Martin: Finally then, Bill, if I can ask you if you’ve got any views on the rise of Bitcoin? Possibly the top performing asset class, if we can call it that, this year and other cryptic currencies too. Do you think those will ever feature in mainstream investment portfolios?
Bill: I do think that what we’re seeing with Bitcoin it’s entertaining. It captures the headlines. I would categorise it as speculation rather than investment. I struggle to point to intrinsic value in Bitcoin. In terms of how well it’s performing if you compared it with other bubbles that have emerged historically it’s actually tracking the biggest and best of the lot, which is the Dutch tulip bulb speculative period that unfolded 300 or 400 years ago.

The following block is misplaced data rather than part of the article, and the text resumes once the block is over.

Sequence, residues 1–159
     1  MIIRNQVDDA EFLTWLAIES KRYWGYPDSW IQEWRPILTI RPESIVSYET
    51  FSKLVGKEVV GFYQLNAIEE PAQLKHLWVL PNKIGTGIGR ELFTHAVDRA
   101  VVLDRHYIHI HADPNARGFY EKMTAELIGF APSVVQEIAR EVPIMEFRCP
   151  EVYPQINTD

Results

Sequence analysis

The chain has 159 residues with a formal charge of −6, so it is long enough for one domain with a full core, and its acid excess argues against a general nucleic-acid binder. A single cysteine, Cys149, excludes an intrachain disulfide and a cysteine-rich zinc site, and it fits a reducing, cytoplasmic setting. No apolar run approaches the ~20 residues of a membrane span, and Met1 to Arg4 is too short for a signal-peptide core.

I think there’s some parallels between Bitcoin and tulip bulbs. Perhaps tulip bulbs have use in as much as you can at least feed tulip bulbs to squirrels. I’m not sure that this is more than a speculative fad. That said, electronic currencies, and I’m no expert in terms of the way that they work and so on, but there must be a possibility that they have advantages over conventional currencies.
If that is correct then I think it is highly likely that over time governments will take those advantages and build them into more conventional nationally-issued currencies to the point where these independently-issued currencies quietly fade away.
Martin: Bill, thank you for joining us on Informed Choice Radio today. That was fantastic.
Bill: It was a pleasure. Thank you.